Extraintestinal manifestations are reported to be uncommon among Saudis [5],[6] . Only two of our patients had arthritis, involving the hip and knee, and this finding is in keeping with previous observations. An acute arthropathy affecting the larger joints in an asymmetric fashion is known to occur in 10% to 15% of the patients [7] . It resolves as the colitis goes into remission. At presentation, about half the patients had clinically severe UC and the majority had severe inflammation on histology and grade 3 or 4 UC on sigmoidoscopy. Twenty-four patients received oral steroids for inducing remission. Ten patients with distal colitis received hydrocortisone retention enema. The classic controlled trial of cortisone acetate by Truelove and Witts has firmly established the beneficial role of glucocorticoids in treating active UC [10] . Comparison between three different doses of prednisone has shown that response is optimum to 40mg as compared to 20mg [7] . Given as a retention enema, betamethasone 17-valerate, beclomethasone and prednisolone metasulfobenzoate are therapeutically effective for distal colitis with minimal effects on the hypothalamic­ pituitary-adrenal axis [20] . Budesonide is also effective both as a retention enema and a colonic-release preparation.

On 2-3gm of salazopyrine daily, most of the patients could be kept in remission. Serial sigmoidoscopie and histological assessment has been recommended in clinical practice to assess the response to therapy [12] . Although the dose of salazopyrine could be reduced to I gm in five patients and 1.5gm in three and three of these could be kept off therapy for six months to two years, all the patients eventually needed medications. None of the patients following up with us needed immunosuppressants. It seems from our experience that UC responds well to therapy in this part of the world and remission can be maintained in some patients on much lesser medication than that required in high-incidence areas [21] .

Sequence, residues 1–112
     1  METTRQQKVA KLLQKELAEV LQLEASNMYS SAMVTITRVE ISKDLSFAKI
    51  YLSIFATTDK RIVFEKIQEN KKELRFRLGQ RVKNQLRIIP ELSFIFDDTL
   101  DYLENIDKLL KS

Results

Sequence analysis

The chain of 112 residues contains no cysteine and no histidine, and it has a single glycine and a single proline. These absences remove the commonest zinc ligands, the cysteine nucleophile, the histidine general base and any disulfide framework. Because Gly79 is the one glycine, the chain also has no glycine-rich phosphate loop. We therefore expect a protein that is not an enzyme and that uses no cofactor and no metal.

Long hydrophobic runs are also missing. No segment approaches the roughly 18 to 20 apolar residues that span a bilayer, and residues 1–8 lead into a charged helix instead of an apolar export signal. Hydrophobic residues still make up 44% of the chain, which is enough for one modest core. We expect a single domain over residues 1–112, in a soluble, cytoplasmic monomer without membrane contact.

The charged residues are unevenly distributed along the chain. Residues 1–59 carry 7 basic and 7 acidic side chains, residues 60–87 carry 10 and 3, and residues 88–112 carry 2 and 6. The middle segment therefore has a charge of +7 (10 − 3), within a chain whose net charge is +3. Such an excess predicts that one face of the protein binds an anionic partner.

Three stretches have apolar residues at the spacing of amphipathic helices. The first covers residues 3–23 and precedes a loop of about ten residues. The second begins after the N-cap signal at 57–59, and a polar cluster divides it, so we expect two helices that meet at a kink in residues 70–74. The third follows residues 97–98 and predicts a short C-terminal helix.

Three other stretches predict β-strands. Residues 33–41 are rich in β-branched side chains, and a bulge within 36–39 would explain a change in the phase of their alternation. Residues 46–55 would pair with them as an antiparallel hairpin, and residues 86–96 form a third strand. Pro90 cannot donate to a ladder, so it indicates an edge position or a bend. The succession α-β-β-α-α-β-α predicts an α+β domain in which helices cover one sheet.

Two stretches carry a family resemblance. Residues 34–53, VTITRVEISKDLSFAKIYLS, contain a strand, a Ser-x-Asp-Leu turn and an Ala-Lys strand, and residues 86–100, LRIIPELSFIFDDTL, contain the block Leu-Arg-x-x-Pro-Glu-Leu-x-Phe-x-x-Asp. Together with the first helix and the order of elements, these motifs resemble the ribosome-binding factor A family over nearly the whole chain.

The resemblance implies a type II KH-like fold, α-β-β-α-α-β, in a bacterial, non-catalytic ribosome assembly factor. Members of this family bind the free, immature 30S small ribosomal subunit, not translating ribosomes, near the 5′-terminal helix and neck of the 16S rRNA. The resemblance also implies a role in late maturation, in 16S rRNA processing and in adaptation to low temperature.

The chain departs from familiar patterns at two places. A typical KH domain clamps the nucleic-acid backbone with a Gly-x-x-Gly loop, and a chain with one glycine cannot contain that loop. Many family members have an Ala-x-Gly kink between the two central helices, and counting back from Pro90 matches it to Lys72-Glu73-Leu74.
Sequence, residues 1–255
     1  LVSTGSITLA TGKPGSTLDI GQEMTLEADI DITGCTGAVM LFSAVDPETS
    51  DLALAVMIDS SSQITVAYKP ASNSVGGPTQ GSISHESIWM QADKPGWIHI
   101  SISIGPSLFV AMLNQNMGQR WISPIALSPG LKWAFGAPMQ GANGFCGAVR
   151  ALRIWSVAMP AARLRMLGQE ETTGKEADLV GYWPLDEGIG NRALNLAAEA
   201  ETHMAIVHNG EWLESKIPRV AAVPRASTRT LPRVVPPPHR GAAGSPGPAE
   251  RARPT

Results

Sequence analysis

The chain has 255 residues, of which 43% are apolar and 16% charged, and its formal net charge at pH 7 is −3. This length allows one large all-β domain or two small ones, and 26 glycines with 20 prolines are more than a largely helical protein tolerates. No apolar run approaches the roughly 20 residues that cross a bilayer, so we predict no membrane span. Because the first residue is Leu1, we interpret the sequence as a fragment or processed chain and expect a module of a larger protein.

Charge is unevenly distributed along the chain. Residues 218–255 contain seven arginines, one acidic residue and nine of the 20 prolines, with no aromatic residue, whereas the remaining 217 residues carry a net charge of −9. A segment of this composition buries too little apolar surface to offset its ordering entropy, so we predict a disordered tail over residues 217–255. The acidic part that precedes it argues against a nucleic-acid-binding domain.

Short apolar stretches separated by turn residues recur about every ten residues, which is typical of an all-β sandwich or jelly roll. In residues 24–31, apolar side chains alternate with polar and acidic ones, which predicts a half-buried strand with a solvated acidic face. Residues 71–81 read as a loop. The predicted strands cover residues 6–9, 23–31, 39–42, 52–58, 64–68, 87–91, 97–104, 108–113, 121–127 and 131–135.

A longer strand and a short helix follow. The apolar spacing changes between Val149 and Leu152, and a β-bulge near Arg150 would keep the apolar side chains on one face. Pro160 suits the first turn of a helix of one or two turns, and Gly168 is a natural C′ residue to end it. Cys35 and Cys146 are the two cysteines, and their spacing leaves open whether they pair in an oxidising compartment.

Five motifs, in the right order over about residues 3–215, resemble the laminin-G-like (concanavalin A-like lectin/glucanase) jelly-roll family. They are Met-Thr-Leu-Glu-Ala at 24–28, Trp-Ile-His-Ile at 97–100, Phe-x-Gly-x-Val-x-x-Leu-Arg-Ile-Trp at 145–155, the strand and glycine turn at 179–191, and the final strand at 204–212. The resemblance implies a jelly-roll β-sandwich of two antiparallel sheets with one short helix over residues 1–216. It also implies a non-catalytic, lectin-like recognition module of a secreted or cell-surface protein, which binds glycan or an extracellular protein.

Sulphasalazine is usually well tolerated but 30% are believed to report adverse reactions [22] . In the present study only two patients could not tolerate this agent due to hypersensitivity and had to be put on mesalazine. The dose-dependent adverse effects were overcome by starting the dose at 0.5gm daily and gradually increasing it over a week. Five patients were eventually treated with enterically coated mesalazine. Adverse effects with these drugs occur in less than 5% of patients. There are several mesalazine preparations as well as two prodrugs, olsalazine and balasalazide. It is not very clear, which of these compounds should be preferred. Topical treatment with these drugs is also effective in treating active distal colitis [23] . The most widely used immunosuppressants are azathioprine and 6-mercaptopurine. Intravenous cyclosporine is being increasingly used in severe UC. Anecdotal evidence suggests that weekly administration of methotrexate is effective for patients with refractory disease [7] . Extent of involvement in the present study is similar to that reported in the past from KSA. Surgical intervention for high grade dysplasia and adenocarcinoma in the transverse colon was necessary for two of our patients. Hence the risk of cancer should not be underestimated in this part of the world [6] .

In conclusion, UC in Gassim Region presents with varying severity but response to therapy is good. Remission can be maintained in some patients with a small dose of salazopyrine and few can go off the medications for six months to two years. There is a definite risk of malignancy and cancer surveillance after ten years of the illness is mandatory.